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Pakistan: in pictures

UN holds emergency session to boost aid to flood-stricken country.

A Pakistani boy shouts to attract attention from a man handing out relief goods at a camp flood victims in Muzaffargarh, Punjab province, Pakistan on 18 August, 2010.
Image: AP Photo/Aaron Favila

FLOODWATERS WHICH CONTINUE to ravage Pakistan won’t recede until the end of this month, according to the country’s top meteorologist, Arif Mahmood.

Mahmood says that current flooding is heading for major cities in the south such as Hyderabad and Sukkur, but no heavy rain is forecast for this week.

Twenty million people have been affected by severe flooding which began three weeks ago. Just under 1 million homes have been damaged, leaving four million people homeless.

Pakistan’s national disaster management authority has set up special phone lines to help them identify the bodies of flood victims. Around 1,500 people have died.

Call for aid

Speaking on the radio this morning, Trócaire’s Paul Healy said the north of the country was a “desolate wasteland”, with no water, medicine or utilities to cook food.

The UN is holding an emergency session today, to push for international donors to supply funds for Pakistan. So far, only half of the $460 million the UN has appealed for has actually been pledged.

Minister Peter Power will address the General Assembly at the meeting, which begins at 8pm Irish time. The EU announced an extra €30m, bringing the total donated by the EU to €70m.

A spokesperson for the UN said that despite the initial sluggish response to the disaster, the pace of donations was picking up:

There has been an increase in the pace of pledges, but we still need more funds, tents, food, water and medical supplies.

Pakistan: in pictures
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  • Pakistan Floods

    A flood affected woman peeks through a tent as another girl stands by in Nowshera, Pakistan, 18 August, 2010. (AP Photo/Mohammad Sajjad)
  • Pakistan Floods

    A flood survivor feeds pigeons outside a camp for displaced people in Muzaffargarh, Punjab province, 18 August, 2010. (AP Photo/Aaron Favila)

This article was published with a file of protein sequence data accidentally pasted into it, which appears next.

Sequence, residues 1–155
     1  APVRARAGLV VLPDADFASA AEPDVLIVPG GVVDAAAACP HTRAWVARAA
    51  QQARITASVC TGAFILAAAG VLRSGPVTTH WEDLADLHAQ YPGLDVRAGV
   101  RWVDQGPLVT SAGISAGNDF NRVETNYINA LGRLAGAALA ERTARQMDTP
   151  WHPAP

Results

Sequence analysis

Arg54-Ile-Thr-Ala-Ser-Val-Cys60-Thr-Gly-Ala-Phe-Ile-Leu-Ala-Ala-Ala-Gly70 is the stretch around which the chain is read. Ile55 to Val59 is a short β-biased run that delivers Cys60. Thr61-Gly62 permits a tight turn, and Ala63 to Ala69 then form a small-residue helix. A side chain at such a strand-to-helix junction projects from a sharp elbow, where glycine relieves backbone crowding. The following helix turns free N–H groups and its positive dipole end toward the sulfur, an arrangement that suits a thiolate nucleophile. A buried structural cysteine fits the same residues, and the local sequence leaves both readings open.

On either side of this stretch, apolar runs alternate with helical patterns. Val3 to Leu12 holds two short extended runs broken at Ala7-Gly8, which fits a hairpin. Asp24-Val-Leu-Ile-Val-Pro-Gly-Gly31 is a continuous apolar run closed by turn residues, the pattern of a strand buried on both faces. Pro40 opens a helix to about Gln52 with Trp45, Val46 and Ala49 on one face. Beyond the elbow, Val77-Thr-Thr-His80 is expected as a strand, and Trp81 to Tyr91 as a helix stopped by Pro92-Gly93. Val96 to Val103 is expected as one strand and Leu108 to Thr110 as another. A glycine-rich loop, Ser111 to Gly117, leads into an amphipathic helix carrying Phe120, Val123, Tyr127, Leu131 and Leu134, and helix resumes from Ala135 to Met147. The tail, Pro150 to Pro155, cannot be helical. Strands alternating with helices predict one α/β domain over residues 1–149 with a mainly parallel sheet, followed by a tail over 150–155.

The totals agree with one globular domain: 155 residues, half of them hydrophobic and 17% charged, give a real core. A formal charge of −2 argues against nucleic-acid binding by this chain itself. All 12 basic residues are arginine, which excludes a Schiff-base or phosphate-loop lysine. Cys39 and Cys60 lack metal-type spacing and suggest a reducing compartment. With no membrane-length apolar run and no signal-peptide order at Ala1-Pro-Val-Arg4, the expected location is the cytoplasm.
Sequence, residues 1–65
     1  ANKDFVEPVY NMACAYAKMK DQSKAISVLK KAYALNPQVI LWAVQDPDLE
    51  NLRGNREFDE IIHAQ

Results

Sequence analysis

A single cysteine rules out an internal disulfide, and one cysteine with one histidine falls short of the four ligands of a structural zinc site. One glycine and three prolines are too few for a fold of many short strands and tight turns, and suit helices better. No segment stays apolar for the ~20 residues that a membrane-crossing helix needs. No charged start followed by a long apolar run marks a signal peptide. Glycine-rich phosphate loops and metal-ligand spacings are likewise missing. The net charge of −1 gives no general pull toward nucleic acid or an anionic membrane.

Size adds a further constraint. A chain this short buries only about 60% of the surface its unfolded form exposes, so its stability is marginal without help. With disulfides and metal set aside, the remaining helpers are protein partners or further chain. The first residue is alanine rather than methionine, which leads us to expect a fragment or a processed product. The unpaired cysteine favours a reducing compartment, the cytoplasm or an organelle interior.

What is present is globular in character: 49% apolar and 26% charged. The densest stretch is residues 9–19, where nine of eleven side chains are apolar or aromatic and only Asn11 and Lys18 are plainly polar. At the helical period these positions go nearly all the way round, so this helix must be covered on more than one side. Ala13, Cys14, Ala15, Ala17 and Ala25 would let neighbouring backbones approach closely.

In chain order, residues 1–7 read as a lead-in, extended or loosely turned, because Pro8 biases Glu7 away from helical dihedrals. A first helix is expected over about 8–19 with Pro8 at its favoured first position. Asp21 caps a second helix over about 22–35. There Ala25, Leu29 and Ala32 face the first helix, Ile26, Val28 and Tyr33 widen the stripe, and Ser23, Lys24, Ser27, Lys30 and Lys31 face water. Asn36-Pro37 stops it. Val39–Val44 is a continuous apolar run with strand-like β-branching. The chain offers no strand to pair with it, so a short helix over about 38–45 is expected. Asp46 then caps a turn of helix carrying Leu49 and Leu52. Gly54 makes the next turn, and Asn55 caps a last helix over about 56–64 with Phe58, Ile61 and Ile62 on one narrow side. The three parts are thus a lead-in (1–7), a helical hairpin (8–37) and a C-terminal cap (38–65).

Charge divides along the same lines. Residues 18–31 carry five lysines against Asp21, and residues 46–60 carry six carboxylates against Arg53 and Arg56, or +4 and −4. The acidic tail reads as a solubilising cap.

• Pakistan Flood

    A United Arab Emirates Chinook carries food supply over Taunsa Sharif in Punjab province flooded areas on it's way to Retra town about 55 kms north west of Multan, Pakistan,Wednesday Aug. 18, 2010. (AP Photo/Kamran Jebreili)
  • Pakistan Floods

    Pakistani flood survivors migrate to safe areas in Muzaffargarh near Multan, Pakistan on 18 August, 2010. (AP Photo/K.M.Chaudary)
  • Pakistan Flood

    A crew member of a United Arab Emirates Chinook, which carries food supplies over Taunsa Sharif in Punjab province flooded areas, examines the flight routines while on the way to Retra, a town about 55 kms north west of Multan, Pakistan. (AP Photo/Kamran Jebreili)
  • Pakistan Floods

    Displaced flood survivors live in tents set up for them in Muzaffargarh near Multan, Pakistan on 18 August, 2010. (AP Photo/K.M.Chaudary)
  • Pakistan Floods

    Pakistanis rests on a bed at a flooded area in Muzaffargarh, Punjab province, Pakistan. (AP Photo/Aaron Favila)
  • Pakistan Floods

    A boy receives relief food at a camp for flood affected people on the outskirt of Sukkur, in southern Pakistan. (AP Photo/Shakil Adil)
  • PakistanAugust16

  • PakistanAugust16

Insurgency fears

As Pakistan’s military is consumed by flood-relief operations, fears that militants will take advantage of the crisis and return to areas where they were driven out are mounting.

The US held off on drone attacks planned for Taliban targets in northern Pakistan when the flooding began, but launched it first missile attack this month on 15 August, killing 13 insurgents.

US Secretary of State Hillary Clinton is expected to announced an aid increase today that will push US aid to Pakistan over $100 million.

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